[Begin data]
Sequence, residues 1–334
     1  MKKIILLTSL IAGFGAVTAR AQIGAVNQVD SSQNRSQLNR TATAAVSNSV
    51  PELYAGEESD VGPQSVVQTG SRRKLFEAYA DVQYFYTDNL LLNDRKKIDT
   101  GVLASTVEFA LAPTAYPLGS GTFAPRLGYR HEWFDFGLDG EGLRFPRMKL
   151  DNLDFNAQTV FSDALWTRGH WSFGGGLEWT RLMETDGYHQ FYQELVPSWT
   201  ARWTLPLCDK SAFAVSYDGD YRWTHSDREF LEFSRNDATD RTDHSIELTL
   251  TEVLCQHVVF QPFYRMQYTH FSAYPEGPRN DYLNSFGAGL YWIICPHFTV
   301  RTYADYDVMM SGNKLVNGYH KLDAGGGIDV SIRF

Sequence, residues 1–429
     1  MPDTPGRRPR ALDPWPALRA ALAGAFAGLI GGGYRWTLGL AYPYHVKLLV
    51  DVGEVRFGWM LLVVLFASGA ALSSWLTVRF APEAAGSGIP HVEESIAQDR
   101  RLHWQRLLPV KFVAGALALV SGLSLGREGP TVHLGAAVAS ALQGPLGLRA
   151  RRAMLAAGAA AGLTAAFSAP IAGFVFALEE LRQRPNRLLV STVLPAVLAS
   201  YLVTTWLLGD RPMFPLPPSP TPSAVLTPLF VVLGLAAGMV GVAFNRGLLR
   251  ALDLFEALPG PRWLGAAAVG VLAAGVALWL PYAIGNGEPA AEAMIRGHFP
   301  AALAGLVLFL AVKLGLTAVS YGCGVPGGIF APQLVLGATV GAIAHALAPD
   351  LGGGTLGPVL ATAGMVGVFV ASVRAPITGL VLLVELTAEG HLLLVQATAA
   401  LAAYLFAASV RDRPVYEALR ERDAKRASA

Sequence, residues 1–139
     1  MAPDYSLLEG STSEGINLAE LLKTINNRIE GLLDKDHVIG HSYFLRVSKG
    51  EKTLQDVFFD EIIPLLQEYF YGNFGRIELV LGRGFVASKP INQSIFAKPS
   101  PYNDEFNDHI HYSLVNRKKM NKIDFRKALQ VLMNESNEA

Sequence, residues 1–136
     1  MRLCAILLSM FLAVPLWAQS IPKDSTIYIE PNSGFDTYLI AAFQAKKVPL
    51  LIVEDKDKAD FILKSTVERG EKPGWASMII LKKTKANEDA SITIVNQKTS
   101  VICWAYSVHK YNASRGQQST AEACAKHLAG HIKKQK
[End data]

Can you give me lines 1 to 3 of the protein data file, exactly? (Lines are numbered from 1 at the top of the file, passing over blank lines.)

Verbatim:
Sequence, residues 1–334
     1  MKKIILLTSL IAGFGAVTAR AQIGAVNQVD SSQNRSQLNR TATAAVSNSV
    51  PELYAGEESD VGPQSVVQTG SRRKLFEAYA DVQYFYTDNL LLNDRKKIDT